Wednesday, August 24, 2016

Healthy Habits: Young Athletes

Young athletes face distractions that can keep them from eating properly. From school and homework to training and competition, they don’t always pay attention to how they fuel their bodies or take the time to understand the role nutrition plays in supporting their training and goals. Heather Mangieri, a national media spokesperson for the Academy of Nutrition and Dietetics, says there are six food rules that athletes, coaches, and families should employ to help bring about that understanding. She reveals them in her forthcoming book, Fueling Youth Athletes (Human Kinetics, December 2016).
1. Eat meals—no grazing. Mangieri dislikes the word “snack” because it conjures up visions of chips, pretzels, sweets, or a single piece of fruit. She would prefer to replace “snack” with “mini-meal” and encourages young athletes to eat one or two of them each day between regular meals. These mini-meals should contain at least two food groups and include a source of high-quality protein. The foods should also be filling so that they help the athlete feel satisfied until the next meal. “Eating a mini-meal makes you feel as though you actually ate a meal,” comments Mangieri, “and helps to prevent grazing and picking at foods between meals.”
2. Never use food as a reward. Mangieri, founder of Nutrition CheckUp, a nutrition consulting practice with expertise in sport nutrition, weight management, and disordered eating, stresses that you should never use food as a reward for good behavior. Using food as a reward teaches young athletes to categorize foods as good or bad and can lead to negative feelings about food. While studies show using tasty foods as a reward makes them more enticing, making kids stay at the dinner table until they finish their vegetables makes them less interested in healthy food. Instead, families should use other items as rewards for good behavior, such as books, music downloads, or movies.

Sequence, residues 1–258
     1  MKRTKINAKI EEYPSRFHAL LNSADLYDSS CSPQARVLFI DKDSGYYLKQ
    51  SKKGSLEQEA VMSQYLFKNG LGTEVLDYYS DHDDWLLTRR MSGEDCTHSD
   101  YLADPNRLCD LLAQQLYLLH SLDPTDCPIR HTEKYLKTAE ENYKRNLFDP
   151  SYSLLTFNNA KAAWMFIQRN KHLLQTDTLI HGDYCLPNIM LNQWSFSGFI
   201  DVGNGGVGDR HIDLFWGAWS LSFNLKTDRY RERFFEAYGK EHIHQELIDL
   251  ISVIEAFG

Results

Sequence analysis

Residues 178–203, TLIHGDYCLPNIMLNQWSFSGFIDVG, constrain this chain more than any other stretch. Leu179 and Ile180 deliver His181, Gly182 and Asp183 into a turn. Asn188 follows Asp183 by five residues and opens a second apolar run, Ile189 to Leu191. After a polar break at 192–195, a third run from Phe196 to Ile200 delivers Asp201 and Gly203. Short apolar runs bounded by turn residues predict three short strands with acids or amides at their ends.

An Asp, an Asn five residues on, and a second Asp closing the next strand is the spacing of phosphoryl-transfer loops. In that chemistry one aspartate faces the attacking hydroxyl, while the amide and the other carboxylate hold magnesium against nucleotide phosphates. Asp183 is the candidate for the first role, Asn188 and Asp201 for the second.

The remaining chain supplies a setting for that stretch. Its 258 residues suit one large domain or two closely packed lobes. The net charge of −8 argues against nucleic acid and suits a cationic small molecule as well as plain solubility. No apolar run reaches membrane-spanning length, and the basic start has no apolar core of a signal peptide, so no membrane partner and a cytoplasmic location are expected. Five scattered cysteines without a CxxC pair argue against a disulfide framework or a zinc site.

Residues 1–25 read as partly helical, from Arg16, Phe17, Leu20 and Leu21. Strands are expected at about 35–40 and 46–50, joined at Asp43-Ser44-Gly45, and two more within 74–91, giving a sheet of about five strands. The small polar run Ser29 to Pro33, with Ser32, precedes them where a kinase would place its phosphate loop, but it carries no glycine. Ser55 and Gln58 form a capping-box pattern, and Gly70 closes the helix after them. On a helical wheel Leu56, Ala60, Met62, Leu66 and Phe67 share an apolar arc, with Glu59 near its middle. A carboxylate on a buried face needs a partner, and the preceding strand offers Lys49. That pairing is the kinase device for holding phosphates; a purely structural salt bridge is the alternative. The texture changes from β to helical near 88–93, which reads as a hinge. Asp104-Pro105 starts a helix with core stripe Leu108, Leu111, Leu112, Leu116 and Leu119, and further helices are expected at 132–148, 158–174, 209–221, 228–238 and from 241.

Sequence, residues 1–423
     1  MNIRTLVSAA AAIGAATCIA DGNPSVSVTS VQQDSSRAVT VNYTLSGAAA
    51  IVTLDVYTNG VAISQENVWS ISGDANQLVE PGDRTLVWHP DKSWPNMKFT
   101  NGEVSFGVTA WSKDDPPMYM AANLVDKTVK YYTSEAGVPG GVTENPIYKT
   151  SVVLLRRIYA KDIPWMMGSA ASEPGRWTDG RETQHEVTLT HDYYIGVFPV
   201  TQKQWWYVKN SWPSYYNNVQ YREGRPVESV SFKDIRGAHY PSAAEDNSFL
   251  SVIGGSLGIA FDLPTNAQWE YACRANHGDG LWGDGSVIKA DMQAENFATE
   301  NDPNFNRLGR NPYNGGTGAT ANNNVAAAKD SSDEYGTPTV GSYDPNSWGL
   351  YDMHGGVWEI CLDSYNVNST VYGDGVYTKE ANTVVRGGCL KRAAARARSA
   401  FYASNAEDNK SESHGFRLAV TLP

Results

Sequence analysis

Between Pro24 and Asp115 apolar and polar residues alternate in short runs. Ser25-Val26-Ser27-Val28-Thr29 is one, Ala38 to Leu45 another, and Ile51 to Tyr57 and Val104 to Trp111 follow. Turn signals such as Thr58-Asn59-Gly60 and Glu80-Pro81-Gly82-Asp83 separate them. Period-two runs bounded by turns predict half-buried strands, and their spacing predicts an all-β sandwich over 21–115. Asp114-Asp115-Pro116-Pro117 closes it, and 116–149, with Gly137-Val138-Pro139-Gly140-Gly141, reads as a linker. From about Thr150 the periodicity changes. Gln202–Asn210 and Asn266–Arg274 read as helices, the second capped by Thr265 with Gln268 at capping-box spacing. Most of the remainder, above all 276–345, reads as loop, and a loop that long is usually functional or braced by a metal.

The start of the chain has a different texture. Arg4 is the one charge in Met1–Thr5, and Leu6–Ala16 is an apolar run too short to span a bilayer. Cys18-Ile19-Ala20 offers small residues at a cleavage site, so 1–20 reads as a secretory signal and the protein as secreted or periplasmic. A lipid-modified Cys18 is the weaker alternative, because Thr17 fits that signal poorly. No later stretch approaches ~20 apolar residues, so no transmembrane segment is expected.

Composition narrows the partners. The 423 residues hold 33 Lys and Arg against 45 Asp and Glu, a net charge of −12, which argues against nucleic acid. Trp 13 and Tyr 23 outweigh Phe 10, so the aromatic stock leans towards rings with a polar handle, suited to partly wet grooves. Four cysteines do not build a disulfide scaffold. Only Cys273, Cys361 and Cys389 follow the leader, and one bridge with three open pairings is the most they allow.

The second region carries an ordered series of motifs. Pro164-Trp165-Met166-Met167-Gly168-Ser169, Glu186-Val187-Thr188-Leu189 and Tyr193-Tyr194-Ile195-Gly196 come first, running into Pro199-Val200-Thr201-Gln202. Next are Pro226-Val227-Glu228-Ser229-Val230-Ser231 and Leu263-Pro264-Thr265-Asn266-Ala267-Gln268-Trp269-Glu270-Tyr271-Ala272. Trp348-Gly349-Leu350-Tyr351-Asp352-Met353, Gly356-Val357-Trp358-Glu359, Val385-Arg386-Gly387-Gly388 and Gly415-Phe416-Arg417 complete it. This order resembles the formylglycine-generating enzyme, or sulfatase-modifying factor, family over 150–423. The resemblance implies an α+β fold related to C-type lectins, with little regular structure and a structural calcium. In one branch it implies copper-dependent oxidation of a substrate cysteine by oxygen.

3. Be a role model. Giving advice is easy, but youth athletes are much more likely to do what their parents and coaches do, not what they say. “Nutrition is taught from an early age in the home,” Mangieri says. “Expecting children or teenagers to eat vegetables when parents do not is unrealistic.” The mother of three active children herself, she thinks parents should not only tell their young athletes how to eat healthfully but also show them how to eat healthfully. Similarly, coaches can do this by providing the right options for recovery or by selecting eating establishments after a game that offer healthy choices.
4. Make it a family affair. If a child needs to lose weight, it is not just the child’s concern—it is the family’s concern as well. When one child is struggling with weight, singling him or her out as having a problem can leave them feeling isolated and be detrimental to self-esteem. Mangieri recommends keeping the situation positive and focusing on how the family can eat better together. Family members should work together to eat healthier and become more physically active.
5. Create a healthy environment. Mangieri points out the obvious: you can’t eat what is not in the house. If children or teenagers come home from school or practice hungry, they are likely to grab the first thing they see. So, if the cabinet if filled with chips, pretzels, and sweet treats, there is a high likelihood the kids will choose those items. Telling kids not to eat those things will not work. Parents can help the children be successful by getting trigger or comfort foods out of the house and filling the cabinets with healthy foods and snacks that are ready to eat. “This does not mean that children should be deprived of foods they like,” Mangieri explains. “If they really want ice cream, drive to the store and buy a small cone. Feed the craving without overindulging.”
6. Power down during mealtimes. Eating well includes paying attention to what you are eating, not your electronics. When young athletes are engaged in texting conversations or watching videos during mealtime, it can lead to overeating. It is hard for them to pay attention to hunger and satiety cues when they are engaged with an electronic device. Mangieri recommends that families power down the devices, turn off the television, and focus on fueling their bodies properly.
Covering weight management, supplementation, fueling, hydration, and more, Fueling Young Athletes addresses the issues that families and athletes most often face, such as late-night practices, inconvenient school lunch times, demanding tournament schedules and travel leagues, and lack of sleep. For more information on Fueling Young Athletes or other fitness and nutrition books and resources, visit

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